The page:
A wave of alleged troll posts defending President Rodrigo Duterte circulated on social media after the online calls to oust him made it to the worldwide trends of Twitter.
The hashtag #OustDuterteNow trended on that list just a few hours after Duterte finished his surprise late night speech on April 1. Several personalities and celebrities who don’t usually speak up on political affairs online subsequently voiced out similar sentiments.
On Friday, Twitter announced that its worldwide trends list was removed as part of its workaround to improve the “Explore” or “Search” feature.
After the online condemnation, several Facebook and Twitter accounts were seen sharing two types of messages as response to these criticisms against the president.
The posts are similar to “copypastas,” blocks of texts or stories copied, pasted and shared online, however, some of them are not identical to one another.
The accounts appeared to be handled by individuals who support Duterte and his administration, based on the cursory check of Interaksyon.
Alleged new script of troll farms
One of the alleged copy-paste contents details an odd analogy using the phrase “CEO of H&M.” These keywords made it to the trending list of Twitter Philippines briefly on April 2.
A Twitter user managed to screenshot a compilation of these tweets and shared them on the micro-blogging platform.
“I checked why the ‘CEO of H&M’ is trending. I thought the CEO donated something huge to aid in this crisis until I found out that it is the new script of solid DDS pips,” the user said.
I checked why the "CEO of H&M" is trending. I thought the CEO donated something huge to aid in this crisis til I found out that it is the new script of solid DDS pips. HAHAHAHAHAHAHAHAHAHays! pic.twitter.com/u9AllOkfZ2
— IStandForMyCountry🇵🇭 (@katecolx_) April 2, 2020
The other supposed copy-paste message, on the other hand, was a comparison of Duterte’s “shoot to kill” threat and the quarantine policy of “stay at home” despite the stark differences between the two instructions.
The statement read: “Bakit yung shoot to kill naintindihan, yung stay at home hindi.” This was mostly copied and shared on Facebook.
Duterte made the “shoot to kill” order, a remark he has been making since 2016, during his national address late Wednesday evening.
Based on the transcript provided by the Presidential Communications Operations Office, Duterte said:
“Ang pera, dadating. Ang pagkain dadating, huwag lang kayong magulo para smooth—sa Bisaya pa, hapsay. Ayaw og hadloka ang gobyerno. Do not intimidate government. Do not challenge government. Matatalo kayo, sigurado.”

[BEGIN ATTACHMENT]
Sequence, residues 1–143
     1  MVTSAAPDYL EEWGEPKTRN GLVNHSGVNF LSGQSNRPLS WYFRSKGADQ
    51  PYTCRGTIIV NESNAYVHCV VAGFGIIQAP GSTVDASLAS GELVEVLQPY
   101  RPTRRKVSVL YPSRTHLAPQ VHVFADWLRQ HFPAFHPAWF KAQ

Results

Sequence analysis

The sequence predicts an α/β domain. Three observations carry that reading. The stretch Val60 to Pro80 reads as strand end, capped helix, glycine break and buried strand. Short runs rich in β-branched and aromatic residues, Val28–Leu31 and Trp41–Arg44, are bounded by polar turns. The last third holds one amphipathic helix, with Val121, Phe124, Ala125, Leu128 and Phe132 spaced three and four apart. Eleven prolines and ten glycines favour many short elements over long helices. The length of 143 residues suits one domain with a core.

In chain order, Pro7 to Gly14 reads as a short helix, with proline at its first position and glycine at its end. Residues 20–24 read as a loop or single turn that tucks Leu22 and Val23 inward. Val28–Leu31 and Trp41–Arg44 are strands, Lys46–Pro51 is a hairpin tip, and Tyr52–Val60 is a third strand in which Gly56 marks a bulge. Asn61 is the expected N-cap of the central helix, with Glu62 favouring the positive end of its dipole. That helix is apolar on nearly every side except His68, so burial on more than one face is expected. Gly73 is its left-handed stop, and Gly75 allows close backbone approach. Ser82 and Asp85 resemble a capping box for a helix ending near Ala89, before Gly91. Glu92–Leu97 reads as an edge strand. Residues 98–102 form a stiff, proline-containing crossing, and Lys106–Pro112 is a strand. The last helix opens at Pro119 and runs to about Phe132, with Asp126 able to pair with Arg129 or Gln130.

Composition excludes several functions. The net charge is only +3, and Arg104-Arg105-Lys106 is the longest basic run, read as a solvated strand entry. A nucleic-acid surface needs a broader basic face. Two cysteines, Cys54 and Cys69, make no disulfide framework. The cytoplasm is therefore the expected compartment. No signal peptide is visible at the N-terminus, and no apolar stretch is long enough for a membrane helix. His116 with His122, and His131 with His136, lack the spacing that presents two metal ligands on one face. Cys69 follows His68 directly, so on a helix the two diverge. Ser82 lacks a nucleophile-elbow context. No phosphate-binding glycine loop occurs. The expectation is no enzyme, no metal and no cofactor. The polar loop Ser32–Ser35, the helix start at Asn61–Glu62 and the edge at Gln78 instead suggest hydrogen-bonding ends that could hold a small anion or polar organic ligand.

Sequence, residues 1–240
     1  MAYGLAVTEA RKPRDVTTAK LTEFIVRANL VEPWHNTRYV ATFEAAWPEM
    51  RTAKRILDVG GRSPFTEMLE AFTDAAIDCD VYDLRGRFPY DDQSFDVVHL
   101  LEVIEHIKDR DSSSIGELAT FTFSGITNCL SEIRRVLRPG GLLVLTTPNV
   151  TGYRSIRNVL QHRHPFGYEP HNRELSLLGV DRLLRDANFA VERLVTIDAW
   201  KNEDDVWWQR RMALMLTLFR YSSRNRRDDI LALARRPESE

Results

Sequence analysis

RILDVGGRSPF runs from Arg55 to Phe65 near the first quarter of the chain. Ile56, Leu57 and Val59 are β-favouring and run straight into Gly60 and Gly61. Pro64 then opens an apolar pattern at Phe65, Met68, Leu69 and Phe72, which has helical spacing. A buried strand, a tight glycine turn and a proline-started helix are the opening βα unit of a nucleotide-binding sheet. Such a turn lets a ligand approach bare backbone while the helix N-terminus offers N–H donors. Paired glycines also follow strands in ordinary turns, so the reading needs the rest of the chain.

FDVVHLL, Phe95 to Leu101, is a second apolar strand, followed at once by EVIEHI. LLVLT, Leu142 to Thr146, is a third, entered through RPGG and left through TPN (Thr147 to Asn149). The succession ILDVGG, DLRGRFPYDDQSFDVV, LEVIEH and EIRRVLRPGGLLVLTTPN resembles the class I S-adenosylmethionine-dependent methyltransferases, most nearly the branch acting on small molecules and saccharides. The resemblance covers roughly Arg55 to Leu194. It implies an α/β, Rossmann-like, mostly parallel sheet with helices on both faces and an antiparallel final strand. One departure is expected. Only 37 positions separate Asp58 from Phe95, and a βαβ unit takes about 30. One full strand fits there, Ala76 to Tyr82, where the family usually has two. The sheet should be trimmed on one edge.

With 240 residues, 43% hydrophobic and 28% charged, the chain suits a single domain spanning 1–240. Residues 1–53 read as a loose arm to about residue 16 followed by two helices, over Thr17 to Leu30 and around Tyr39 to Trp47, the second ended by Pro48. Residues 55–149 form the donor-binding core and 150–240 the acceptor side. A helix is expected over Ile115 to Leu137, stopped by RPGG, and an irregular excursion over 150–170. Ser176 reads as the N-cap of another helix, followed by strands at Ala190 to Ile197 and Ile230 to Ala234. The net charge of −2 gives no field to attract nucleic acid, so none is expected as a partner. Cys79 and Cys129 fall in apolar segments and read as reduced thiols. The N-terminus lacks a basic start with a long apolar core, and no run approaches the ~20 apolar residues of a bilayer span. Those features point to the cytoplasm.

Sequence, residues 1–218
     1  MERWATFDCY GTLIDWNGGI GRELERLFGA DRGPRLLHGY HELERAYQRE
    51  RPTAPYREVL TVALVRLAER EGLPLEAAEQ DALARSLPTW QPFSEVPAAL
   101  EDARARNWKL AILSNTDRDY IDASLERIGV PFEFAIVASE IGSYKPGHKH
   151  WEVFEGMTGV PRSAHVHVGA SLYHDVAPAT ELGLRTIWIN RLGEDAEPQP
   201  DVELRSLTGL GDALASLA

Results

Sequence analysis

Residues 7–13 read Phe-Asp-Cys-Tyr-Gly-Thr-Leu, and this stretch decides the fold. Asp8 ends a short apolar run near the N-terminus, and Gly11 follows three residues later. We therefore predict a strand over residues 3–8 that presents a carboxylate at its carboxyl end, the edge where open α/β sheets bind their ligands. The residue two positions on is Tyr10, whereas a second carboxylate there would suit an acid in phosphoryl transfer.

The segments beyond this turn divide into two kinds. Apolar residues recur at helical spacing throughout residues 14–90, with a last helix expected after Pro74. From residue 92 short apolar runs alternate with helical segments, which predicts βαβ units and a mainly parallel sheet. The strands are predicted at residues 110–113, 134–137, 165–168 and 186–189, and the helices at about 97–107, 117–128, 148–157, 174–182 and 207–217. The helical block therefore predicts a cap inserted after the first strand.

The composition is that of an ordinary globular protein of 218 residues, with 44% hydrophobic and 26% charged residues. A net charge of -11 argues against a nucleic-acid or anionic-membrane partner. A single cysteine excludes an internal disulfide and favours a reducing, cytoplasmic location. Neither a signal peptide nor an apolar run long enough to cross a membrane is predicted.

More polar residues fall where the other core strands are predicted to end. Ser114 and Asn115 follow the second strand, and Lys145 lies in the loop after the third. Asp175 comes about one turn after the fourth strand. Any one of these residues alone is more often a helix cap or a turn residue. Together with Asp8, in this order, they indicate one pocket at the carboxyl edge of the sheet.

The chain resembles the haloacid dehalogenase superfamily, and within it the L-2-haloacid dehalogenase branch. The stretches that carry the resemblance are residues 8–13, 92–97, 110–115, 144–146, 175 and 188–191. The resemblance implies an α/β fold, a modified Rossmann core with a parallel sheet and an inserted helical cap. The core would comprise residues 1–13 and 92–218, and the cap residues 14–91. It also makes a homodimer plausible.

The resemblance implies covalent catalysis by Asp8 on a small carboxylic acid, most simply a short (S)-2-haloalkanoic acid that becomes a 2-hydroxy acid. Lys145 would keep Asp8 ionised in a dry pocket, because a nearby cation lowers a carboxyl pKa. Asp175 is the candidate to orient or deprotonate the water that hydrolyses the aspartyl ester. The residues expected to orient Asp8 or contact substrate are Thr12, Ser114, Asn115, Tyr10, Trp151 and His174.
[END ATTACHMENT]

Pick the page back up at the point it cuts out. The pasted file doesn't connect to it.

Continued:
“My orders are sa pulis pati military, pati mga barangay na pagka ginulo at nagkaroon ng okasyon na lumaban at ang buhay ninyo ay nalagay sa alanganin, shoot them dead,” he also said.
Duterte specified that the order was addressed to “leftists” whom he accused of conducting street protests thus hampering the distribution of goods.
However, prior to this, the only reported “protest” happened because a group of individuals were reportedly demanding food and financial aid in Quezon City.
Any form of mass gatherings are banned under quarantine rules.
The Quezon City incident led to the arrest of 14 men and 6 women.
Meanwhile, staying at home, is one of the directives under the enhanced community quarantine, which the national government imposed to observe social distancing and limited public movements. Social distancing is one of the main preventive measures against the spread of COVID-19.
‘Starve the trolls’
Some Twitter users recommended to report or block these accounts, they suspect are hired “trolls.”
Rob Cham, an award-winning illustrator, advised his fans to report the new pro-Duterte hashtag #Istandwithduterte, which also briefly made it to the trending list of Twitter Philippines.
“Recommendation, report it. Click ‘this trend is spam.’ it is abusive, harmful, and low quality and made by duplicates but best to be specific,” he said.
recommendation, report it.
click 'this trend is spam'
it is abusive, harmful, and low quality and made by duplicates but best to be specific pic.twitter.com/Hq48CCyoN8
— robcham (@robcham) April 2, 2020
Another user Ica de Leon shared a thread on how trolls are paid.
“Trolls are paid per response. At the end of the day, they have to submit to their handler an excel file with links to their Tweets/comments as proof of their work. For bigger clients, each Troll has to reach a quota to be paid (for example, 30 per day),” she said.
PAID TROLLS 101
– Trolls are paid per response. At the end of the day, they have to submit to their handler an excel file with links to their Tweets/comments as proof of their work. For bigger clients, each Troll has to reach a quota to be paid (for example, 30 per day).
— Ica de Leon (@deleonicaa) April 2, 2020
The online user similarly advised not to engage with the online trolls through comment or repost of their works. Instead, she suggested to block, report, hide or delete them.
“Trolls are easily demotivated. The people behind the screens will give up eventually if you keep on blocking/deleting their tweets. They’ll either switch projects or drop their employer. So keep at it. Keep fighting. We got this,” she said.
There was also a series of copypastas that circulated on Facebook and Twitter last February.
Some Filipinos observed that the supposed online trolls surfaced after the administration earned criticisms for the its supposed lack of urgency in addressing COVID-19 concerns.